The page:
Valerie Anne: There’s a home video of me when I was six years old opening presents on Christmas. My brother was two, so he’s just tearing at boxes of paper, enjoying being allowed to destroy things for once, no real concept of exactly what was happening or why he wasn’t allowed to immediately play with the toys he unearthed from the wreckage. In this video, I wait patiently with a wrapped box in my lap until my brother is done with his latest gift and my mother gives me the go-ahead; her camera is ready, I can open it. I tear it open, look up excitedly and declare, “It’s just what I wanted!!” A beat. “What is it?” My parents laugh and explain briefly what it is and I get excited all over again. For me, opening presents wasn’t even about the specific gift, it was just the excitement of getting things and opening them and the fanfare and excitement involved. The more excited my parents were, the more excited I was. I’m 27 and my brother is 23, and on Christmas day, we’ll still sit with a pile of presents and take turns opening them, my parents watching on excitedly, waiting for our reactions.
Dana Piccoli: My folks didn’t have a ton of money but they really went all out for Christmas. Care Bears, Cabbage Patch kids, they were up on the trends. But my favorite toy of all was the iconic Easy Bake Oven. There’s just something about brownies cooked under a 60 watt bulb. It also started a life long love of baking in me.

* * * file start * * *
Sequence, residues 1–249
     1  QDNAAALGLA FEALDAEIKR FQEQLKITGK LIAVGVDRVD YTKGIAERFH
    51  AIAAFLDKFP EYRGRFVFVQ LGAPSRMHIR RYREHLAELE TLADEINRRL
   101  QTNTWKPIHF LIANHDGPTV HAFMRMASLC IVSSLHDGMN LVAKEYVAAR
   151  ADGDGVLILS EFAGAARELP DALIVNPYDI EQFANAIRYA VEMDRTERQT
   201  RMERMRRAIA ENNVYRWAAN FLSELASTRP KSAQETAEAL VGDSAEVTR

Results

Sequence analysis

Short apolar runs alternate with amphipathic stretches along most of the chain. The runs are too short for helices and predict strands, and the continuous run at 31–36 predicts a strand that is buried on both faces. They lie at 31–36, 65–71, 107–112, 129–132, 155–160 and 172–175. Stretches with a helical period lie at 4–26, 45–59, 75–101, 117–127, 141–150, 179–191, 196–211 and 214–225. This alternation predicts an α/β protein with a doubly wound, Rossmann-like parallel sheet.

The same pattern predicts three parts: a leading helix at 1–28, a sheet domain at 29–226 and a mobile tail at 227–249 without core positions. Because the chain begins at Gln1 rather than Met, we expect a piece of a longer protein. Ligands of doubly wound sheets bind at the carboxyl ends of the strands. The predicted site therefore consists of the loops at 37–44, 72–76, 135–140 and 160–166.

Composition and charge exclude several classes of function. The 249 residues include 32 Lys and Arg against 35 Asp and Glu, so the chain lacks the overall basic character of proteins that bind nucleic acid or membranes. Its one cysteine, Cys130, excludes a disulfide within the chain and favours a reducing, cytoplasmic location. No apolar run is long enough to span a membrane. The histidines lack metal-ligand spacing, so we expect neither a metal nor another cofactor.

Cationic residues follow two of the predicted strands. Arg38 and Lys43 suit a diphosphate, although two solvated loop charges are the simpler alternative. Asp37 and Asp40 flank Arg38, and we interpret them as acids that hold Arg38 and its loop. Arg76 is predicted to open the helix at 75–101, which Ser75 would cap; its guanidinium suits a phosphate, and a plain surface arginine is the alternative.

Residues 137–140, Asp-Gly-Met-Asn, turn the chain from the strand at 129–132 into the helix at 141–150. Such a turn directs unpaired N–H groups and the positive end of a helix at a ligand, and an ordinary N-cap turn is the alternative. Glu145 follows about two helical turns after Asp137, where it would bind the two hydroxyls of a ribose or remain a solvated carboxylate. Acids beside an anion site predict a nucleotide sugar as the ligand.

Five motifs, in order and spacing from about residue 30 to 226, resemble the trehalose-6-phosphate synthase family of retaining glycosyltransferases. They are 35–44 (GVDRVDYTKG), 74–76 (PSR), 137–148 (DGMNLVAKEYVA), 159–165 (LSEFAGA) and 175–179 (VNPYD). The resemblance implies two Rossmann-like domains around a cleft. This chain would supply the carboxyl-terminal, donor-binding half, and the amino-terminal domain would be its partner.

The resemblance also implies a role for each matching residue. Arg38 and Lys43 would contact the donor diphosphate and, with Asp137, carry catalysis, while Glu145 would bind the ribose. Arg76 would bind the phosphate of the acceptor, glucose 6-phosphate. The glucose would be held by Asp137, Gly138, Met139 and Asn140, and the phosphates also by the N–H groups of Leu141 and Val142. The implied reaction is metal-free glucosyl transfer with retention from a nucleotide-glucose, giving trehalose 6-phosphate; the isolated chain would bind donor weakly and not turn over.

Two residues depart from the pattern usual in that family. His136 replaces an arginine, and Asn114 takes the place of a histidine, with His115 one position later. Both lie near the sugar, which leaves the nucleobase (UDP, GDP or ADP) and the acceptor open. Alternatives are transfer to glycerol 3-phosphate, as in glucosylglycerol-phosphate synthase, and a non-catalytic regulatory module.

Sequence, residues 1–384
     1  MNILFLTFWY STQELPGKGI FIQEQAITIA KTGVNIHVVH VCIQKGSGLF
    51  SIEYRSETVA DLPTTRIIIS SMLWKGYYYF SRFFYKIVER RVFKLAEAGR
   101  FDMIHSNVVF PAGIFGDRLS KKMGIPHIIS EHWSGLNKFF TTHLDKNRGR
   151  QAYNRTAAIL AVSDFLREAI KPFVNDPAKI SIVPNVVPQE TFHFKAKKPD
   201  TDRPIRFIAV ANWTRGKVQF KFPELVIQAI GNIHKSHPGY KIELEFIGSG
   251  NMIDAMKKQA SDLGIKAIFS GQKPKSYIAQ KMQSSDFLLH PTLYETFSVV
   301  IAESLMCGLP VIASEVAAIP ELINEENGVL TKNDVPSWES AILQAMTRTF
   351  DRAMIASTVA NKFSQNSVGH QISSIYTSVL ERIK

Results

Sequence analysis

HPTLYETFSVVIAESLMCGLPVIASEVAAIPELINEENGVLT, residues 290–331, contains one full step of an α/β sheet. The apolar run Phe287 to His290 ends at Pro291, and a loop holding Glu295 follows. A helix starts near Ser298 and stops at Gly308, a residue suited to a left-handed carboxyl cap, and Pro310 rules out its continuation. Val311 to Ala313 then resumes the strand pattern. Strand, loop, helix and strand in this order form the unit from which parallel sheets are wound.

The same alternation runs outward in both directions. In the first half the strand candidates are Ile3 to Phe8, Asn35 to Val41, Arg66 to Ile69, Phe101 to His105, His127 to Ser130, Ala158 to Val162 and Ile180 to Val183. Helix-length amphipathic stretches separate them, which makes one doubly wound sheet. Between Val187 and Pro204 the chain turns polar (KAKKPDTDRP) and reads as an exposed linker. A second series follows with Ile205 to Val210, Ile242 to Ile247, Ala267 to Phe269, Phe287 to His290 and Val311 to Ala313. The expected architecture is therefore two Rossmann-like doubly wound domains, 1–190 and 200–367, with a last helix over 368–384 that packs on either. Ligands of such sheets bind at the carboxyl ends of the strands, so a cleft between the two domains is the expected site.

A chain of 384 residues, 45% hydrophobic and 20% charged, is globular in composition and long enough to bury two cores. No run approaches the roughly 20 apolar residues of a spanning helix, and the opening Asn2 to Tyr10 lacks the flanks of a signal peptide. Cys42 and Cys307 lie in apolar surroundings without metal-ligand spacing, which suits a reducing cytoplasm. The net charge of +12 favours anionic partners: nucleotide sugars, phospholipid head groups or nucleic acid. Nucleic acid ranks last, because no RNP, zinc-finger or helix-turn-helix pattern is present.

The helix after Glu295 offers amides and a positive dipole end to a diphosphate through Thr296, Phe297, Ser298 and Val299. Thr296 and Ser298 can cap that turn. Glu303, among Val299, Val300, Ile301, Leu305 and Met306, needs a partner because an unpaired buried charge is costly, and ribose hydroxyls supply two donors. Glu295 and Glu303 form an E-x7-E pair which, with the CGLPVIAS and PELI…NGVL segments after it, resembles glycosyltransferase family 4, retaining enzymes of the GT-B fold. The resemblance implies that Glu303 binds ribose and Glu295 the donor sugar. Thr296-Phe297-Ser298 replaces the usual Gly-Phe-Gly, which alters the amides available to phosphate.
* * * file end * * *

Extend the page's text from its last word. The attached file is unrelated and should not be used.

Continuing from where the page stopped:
Jenna Lykes: When I was little, every single Christmas list I ever wrote to Santa had the same thing at #1: a puppy. It didn’t matter what toys were cool that year (usually Ninja Turtles for me), the puppy always got the top slot on my list. I spent a lot of time alone as a kid, so, in my mind, the puppy was totally going to become my best friend. I never thought it was fair that my parents got to share a room and my brothers got to share a room, while I was stuck flying solo. The puppy would surely curl up next to me every night, right? But, of course, there were a million reasons not to give three irresponsible kids a puppy at Christmas. So, the years ticked by and the population of the stuffed animal town that had settled on my bed increased steadily.
Eventually, I stopped writing to Santa, but I never stopped wanting a puppy. About nine years ago, I finally got a dog for my parents. I’d had to take some time off from college, and I needed that best friend more than ever. I named her Dakota, because I read that it meant “friend,” and the day I got her was like the most perfect Christmas day ever—except it took place in June. She still curls up next to me whenever I visit my parents’ house.
What gift did you want when you were a youngster?